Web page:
The following is an excerpt from Mary Papenfuss | April 13, 2018 | Huffingtonpost.com |
A key current in the planet’s ocean circulatory system, including the Atlantic’s Gulf Stream, is the weakest in at least 1,600 years ― a decline that could significantly worsen the effects of climate change, according to new research.
Two studies published in the journal Nature this week say the global system of ocean currents known as the Atlantic Meridional Overturning Circulation, or AMOC, has dropped in strength by some 15 percent since the mid-20th century to a record low.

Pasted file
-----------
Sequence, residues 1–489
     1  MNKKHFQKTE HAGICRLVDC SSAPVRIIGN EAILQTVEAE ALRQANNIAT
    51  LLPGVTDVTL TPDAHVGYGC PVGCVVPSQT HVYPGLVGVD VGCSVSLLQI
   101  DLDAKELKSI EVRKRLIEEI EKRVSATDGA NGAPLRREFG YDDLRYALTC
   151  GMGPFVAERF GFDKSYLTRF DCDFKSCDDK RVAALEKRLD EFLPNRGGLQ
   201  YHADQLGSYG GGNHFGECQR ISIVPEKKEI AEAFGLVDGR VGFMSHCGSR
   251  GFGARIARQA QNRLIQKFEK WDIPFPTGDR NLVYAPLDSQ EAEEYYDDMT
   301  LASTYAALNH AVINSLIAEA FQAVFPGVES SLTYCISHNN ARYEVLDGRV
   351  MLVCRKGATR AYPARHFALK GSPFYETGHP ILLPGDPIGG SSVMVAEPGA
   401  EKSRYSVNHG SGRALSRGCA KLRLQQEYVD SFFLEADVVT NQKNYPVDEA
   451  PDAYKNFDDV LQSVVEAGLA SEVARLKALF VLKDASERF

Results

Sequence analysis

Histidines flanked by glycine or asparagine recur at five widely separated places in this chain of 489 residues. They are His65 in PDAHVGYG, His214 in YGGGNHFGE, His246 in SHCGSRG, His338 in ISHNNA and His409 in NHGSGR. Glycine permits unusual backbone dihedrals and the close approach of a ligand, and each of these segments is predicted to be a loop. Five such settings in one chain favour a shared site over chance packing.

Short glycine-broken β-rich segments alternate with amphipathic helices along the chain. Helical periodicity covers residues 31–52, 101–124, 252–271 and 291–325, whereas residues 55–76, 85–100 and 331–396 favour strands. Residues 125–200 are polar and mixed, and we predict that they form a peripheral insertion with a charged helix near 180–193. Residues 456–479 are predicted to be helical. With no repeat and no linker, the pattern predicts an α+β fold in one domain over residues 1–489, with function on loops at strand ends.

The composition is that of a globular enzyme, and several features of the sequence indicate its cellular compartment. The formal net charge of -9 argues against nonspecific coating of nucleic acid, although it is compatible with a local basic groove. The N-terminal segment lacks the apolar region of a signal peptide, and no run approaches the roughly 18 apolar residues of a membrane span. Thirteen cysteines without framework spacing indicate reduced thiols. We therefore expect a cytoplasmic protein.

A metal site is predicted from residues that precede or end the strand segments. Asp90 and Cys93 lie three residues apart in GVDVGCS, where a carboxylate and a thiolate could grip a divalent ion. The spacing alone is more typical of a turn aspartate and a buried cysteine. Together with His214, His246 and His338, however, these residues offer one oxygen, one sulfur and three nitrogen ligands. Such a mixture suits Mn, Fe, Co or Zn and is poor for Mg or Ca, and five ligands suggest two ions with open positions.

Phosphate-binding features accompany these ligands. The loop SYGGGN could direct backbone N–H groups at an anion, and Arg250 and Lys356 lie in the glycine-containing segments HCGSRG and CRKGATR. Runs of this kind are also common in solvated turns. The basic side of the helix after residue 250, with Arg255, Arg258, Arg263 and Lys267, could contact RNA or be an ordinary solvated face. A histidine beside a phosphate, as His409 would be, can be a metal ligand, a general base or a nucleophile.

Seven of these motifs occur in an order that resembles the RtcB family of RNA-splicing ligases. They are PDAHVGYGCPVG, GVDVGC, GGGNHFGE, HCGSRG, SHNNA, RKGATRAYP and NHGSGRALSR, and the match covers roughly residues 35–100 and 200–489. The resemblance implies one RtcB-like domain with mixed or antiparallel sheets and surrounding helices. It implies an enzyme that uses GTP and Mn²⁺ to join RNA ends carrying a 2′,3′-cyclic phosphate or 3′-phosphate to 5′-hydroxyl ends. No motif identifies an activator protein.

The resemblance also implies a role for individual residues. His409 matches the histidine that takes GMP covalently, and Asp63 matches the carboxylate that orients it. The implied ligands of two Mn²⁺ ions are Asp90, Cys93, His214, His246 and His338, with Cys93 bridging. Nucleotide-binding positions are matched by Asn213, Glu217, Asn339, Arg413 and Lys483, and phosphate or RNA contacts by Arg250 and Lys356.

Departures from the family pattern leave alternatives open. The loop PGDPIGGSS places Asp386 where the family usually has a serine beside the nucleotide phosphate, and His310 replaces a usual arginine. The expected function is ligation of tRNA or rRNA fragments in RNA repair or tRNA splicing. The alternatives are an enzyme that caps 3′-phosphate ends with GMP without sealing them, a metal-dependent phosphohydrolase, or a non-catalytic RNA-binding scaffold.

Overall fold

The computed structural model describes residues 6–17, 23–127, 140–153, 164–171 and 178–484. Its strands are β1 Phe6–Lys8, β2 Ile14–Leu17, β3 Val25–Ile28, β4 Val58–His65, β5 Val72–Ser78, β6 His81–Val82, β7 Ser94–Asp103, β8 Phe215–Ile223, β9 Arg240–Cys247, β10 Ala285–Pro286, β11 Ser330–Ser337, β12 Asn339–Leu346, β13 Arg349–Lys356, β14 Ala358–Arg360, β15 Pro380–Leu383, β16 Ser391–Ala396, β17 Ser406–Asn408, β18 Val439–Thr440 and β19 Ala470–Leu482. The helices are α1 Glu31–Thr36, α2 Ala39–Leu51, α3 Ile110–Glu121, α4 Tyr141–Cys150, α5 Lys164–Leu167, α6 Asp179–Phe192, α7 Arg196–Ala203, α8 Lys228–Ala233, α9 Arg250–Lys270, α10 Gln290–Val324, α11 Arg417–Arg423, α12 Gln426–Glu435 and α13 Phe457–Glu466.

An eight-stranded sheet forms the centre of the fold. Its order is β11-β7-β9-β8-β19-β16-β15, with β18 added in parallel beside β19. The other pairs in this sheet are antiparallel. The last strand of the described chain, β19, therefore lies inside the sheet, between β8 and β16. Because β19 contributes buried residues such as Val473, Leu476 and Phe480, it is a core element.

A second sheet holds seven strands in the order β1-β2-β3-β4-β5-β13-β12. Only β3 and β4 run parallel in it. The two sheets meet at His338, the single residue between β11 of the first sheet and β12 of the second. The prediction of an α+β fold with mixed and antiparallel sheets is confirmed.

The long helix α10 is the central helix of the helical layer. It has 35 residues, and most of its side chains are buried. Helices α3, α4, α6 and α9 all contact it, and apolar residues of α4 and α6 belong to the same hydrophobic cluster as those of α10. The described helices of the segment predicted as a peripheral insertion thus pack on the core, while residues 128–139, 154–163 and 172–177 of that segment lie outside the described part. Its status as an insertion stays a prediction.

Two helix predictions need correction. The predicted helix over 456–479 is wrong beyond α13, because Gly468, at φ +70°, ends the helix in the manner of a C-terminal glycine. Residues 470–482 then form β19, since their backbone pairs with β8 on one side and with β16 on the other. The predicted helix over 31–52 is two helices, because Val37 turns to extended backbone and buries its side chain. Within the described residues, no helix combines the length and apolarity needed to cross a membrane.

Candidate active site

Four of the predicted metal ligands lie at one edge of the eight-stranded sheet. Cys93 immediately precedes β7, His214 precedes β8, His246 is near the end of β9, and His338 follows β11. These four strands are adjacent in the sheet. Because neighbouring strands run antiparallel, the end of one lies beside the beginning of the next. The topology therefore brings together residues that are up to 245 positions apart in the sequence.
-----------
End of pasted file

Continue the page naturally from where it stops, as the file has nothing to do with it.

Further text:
The currents, part of the so-called global ocean conveyor belt, transport warm water from the equator to the North Atlantic, where heat released into the atmosphere warms western Europe. The cooler water then sinks and travels south in the deep ocean to Antarctica, and eventually back up to the equator.
A disruption in the system could have cataclysmic effects on weather patterns, including hurricanes, swings in temperatures and ocean levels, and even survival. The 2004 science fiction film “Day After Tomorrow” addressed catastrophic weather events triggered by a collapse of the AMOC.
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